using the additional data on S_{1}:
where ϕ = _{S1}. From this we see that the IEP can be solved through the previous inverse problem. The problem (78) is
called the Inverse Electroencephalographic Simplified Problem (IESP). The development of this section is valid for general regions with sufficiently smooth boundaries.
Statement of the inverse problem for dipolar sourcesIn this paper we are interested in the case where the source is an epileptic focus. In general, the current distributions describing sources of neural activity are quite intricate. A common simplifying assumption is to consider a current dipole as a source. This model, which is known as the equivalent current dipole, has been shown to accurately depict sources not too deep inside the brain [6] and to permit the associated estimation and accuracy analysis to be carried out fairly simply. More complicated shapes may be approximated by multiple dipoles or multipolar expansions. For simplicity, in this work, we consider only a single dipole of current density. In this case, the source f can be represented in the form [1]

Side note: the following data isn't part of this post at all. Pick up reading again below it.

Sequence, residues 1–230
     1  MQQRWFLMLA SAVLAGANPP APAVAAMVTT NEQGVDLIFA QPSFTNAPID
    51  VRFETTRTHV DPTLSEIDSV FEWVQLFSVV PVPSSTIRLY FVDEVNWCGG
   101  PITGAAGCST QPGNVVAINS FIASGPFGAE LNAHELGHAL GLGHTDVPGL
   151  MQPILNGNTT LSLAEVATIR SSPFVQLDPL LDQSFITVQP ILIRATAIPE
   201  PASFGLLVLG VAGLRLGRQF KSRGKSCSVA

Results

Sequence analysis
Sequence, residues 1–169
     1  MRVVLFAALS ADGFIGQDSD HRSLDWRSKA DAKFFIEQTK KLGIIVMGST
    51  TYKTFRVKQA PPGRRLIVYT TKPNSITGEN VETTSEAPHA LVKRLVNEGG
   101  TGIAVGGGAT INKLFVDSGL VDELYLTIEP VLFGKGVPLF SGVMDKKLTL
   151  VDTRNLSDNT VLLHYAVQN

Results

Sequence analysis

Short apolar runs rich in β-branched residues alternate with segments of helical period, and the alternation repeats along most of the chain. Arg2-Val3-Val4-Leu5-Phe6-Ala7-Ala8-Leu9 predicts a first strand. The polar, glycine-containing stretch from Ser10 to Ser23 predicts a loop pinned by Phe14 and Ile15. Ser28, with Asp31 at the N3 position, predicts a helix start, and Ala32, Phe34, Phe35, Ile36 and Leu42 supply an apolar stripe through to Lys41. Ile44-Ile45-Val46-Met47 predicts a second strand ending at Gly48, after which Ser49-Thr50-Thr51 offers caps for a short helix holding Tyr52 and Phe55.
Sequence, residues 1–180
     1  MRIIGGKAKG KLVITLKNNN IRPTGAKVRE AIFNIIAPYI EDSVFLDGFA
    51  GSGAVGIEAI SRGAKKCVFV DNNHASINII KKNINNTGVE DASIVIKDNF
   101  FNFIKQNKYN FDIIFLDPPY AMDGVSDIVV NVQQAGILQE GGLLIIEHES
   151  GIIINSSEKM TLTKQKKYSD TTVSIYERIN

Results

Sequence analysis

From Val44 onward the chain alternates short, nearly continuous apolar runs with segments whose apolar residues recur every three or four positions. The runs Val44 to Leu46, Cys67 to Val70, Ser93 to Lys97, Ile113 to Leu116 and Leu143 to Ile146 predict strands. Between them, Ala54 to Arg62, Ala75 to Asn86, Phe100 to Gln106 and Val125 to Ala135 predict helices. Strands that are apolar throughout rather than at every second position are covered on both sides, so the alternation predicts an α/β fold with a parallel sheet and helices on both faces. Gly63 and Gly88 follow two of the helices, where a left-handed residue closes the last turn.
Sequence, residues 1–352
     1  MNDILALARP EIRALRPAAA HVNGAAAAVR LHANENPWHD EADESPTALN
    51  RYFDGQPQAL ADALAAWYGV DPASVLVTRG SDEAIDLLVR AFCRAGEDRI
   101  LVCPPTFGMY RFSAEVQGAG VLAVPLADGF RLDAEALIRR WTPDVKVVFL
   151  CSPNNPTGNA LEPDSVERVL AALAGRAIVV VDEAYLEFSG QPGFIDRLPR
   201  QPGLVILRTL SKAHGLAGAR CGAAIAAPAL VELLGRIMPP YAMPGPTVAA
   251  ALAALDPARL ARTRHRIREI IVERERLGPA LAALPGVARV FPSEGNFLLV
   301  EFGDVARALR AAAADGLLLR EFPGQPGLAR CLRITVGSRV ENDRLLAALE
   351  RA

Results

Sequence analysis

where p represents the dipolar moment (that determines the intensity and orientation of the dipole) and
δ(x  a) is the Dirac delta concentrated in a. In this case we have uniqueness of solution for the inverse
problem if the measurement V is known on the whole scalp. We suppose that measurement V is known. With the ideas presented in the previous section, we can recover the parameters of the dipole source, namely, the dipole moment p and its location a, through the minimum squares functional
where û is the solution of the problem (7) and g is given by (8) and, of course, û is given in terms of
the source f and g in terms of V . Some iterative method must be used for the minimization
process. In section 6, we apply the function fmincon of MATLAB which uses a Newton type
method. The solution of the problem (7) when f is given by (9) is [5]
where G(x,y) is the Green function of the problem (7). The main inconvenience with the Green function